New immigrants often face an unexpected challenge: how to navigate away from an American diet that takes a toll on your health? That’s becoming easier in New Hampshire due to a network of markets and farms that carry familiar foods for the state’s foreign residents.
New Hampshire is home to a small but growing immigrant population; about one in 20 Granite Staters are foreign born. And there’s an experience that unites many of them: that bewildering first visit to an American grocery store.
A new documentary by New Hampshire filmmaker Doria Bramante follows exiles from the tiny Himalayan kingdom of Bhutan as they abandon their twenty-year effort to return home from Nepalese refugee camps and decide to seek a new life in America. Many of these refugees have resettled in the New Hampshire cities of Concord, Manchester, and Laconia. Today we take a look at their incredible journey…along with the challenges and successes of starting over in the Granite State.
With all the talk of how immigration reform will affect our neighbors to the South, we look at how it might affect immigrants to the United States from the Far East.
A US based Chinese Journalist even argues that certain aspects of the reforms might actually be beneficial for Asian immigrants. Mee Moua, Executive Director from the Asian American Justice Center joins us to discuss the issue.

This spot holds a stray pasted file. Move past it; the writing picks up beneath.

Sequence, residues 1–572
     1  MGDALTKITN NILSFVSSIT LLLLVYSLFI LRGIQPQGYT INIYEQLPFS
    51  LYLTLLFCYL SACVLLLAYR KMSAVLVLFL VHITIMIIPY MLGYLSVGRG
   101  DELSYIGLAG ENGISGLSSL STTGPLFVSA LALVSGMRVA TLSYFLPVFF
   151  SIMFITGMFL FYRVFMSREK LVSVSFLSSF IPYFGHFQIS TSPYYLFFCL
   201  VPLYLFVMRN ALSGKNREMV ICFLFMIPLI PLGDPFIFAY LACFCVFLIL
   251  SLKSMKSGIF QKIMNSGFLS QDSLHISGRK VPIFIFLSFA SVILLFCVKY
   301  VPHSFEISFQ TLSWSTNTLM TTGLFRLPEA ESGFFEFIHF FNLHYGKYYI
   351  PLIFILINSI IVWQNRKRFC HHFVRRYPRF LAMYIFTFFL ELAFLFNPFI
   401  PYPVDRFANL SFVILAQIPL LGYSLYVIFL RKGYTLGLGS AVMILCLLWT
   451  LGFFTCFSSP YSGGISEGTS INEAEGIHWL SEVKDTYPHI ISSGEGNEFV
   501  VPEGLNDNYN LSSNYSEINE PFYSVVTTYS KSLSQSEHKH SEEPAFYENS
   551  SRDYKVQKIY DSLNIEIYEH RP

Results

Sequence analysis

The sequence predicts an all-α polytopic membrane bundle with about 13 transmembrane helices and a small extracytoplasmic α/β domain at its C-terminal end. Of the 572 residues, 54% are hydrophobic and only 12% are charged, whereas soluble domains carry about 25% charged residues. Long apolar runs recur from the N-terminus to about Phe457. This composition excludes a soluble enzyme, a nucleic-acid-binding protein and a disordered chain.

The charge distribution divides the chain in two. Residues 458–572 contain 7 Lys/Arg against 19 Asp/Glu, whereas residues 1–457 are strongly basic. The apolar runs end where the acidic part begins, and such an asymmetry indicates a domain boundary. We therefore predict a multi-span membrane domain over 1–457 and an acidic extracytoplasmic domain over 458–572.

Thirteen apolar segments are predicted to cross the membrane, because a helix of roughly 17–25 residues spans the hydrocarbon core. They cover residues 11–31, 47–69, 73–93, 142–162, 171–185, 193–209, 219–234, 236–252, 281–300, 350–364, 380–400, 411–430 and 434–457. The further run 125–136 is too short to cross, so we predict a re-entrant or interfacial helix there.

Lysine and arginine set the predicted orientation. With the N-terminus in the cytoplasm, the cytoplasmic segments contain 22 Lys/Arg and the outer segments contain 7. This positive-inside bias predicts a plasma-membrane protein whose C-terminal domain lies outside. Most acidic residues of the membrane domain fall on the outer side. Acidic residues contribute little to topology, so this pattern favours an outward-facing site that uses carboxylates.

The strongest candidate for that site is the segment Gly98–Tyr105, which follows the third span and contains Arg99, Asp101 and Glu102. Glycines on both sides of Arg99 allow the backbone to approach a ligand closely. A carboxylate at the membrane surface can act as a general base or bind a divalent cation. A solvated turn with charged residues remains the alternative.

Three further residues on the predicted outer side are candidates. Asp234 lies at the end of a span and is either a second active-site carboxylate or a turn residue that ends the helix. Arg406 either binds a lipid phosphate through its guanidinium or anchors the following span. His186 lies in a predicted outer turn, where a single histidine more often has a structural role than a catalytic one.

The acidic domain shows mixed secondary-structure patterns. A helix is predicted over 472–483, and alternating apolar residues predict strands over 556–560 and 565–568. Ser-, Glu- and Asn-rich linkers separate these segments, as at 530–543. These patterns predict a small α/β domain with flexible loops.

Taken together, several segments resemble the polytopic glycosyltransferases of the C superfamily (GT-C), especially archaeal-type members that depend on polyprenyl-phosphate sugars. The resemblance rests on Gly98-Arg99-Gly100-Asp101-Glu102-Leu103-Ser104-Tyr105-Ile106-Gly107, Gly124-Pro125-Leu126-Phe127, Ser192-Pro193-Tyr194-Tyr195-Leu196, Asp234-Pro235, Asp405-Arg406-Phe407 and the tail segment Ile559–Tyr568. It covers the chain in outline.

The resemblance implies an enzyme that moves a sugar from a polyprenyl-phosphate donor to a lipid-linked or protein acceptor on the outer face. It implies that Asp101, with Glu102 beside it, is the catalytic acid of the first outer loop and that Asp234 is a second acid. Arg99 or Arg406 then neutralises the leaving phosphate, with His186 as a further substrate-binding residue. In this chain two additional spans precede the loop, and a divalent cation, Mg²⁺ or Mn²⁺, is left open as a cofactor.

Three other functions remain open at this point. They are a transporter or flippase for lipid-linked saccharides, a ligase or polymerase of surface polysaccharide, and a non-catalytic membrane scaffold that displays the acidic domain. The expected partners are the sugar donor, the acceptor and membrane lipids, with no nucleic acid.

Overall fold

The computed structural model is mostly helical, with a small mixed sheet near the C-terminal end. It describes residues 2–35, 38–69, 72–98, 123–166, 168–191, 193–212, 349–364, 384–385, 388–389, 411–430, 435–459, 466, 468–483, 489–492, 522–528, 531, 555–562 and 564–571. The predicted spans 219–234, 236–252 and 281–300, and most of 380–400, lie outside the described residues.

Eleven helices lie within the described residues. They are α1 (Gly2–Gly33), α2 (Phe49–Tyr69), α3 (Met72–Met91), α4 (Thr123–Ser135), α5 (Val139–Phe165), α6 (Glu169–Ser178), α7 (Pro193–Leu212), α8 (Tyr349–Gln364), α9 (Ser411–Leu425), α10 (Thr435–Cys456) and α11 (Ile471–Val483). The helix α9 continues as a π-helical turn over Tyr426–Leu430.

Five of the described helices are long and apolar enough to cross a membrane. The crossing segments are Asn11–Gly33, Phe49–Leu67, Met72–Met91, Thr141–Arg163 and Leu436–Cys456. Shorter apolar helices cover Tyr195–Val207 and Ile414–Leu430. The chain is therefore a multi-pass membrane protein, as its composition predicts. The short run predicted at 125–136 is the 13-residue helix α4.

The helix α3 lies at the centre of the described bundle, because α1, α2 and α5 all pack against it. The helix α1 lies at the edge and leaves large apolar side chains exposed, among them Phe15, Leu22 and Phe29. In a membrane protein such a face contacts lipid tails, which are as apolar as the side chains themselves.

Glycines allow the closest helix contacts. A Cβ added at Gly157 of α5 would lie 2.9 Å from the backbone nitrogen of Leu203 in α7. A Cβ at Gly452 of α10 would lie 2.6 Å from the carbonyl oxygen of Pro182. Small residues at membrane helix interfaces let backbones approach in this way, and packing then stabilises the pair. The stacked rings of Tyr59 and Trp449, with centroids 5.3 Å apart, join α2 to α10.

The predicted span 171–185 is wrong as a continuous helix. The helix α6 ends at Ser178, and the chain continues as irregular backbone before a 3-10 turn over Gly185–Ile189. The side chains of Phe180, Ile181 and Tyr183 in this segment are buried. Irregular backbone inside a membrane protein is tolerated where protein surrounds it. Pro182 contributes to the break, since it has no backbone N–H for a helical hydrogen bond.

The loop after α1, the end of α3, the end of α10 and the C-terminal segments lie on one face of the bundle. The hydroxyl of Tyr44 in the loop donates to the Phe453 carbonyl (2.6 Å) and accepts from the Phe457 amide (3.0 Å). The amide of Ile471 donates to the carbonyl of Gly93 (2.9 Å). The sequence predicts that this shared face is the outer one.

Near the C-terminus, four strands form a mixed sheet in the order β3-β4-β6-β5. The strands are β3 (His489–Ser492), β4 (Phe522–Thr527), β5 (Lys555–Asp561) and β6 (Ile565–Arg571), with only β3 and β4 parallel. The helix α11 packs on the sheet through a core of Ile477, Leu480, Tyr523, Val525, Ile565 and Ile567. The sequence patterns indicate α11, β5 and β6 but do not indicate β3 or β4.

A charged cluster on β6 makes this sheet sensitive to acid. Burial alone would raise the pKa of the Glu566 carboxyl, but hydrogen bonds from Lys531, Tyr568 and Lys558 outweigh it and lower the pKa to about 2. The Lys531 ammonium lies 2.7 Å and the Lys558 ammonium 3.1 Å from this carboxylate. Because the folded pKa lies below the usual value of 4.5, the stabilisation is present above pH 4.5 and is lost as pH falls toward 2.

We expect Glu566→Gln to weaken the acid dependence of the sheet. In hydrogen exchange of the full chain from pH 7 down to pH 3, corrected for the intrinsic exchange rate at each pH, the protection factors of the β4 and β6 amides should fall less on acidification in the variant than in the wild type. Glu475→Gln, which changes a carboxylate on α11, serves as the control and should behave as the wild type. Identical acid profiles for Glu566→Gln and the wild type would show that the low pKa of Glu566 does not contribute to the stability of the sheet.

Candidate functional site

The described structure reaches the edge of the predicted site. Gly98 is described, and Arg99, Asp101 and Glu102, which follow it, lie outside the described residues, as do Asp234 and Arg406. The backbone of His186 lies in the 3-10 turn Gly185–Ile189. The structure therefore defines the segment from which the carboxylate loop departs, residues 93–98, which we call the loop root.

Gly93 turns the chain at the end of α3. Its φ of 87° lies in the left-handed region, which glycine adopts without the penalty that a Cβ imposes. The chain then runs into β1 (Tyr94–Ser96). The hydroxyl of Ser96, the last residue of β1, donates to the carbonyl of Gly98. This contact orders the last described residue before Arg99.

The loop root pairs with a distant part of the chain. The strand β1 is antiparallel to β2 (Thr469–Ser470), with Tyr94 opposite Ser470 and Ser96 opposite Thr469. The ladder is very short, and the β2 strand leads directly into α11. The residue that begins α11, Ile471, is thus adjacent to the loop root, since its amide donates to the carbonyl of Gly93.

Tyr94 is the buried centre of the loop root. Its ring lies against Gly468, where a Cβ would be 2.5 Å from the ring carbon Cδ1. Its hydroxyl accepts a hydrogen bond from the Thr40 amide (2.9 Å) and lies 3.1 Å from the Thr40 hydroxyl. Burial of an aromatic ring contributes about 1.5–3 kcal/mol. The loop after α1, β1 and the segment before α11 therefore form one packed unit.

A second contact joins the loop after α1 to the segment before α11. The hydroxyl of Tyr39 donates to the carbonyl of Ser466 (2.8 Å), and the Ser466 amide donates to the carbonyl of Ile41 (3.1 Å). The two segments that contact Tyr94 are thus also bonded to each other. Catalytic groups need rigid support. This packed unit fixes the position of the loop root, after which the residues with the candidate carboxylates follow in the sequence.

We conclude our series on New Hampshire’s Immigration Story. Over the past year, we’ve examined our immigrant past -- from that first encounter between Native Americans and Europeans to how newcomers shape our communities today… their contributions, their struggles, and the conflicts that come up. We’ll look at what we’ve learned…and how our immigration story is still being written.
May 24, 9:00 - 10:00 a.m. Please join Laura Knoy and guest Max Latona for a special live audience event as a part of the series "NH's Immigration Story". They will be discussing the next question in the Socrates Exchange series: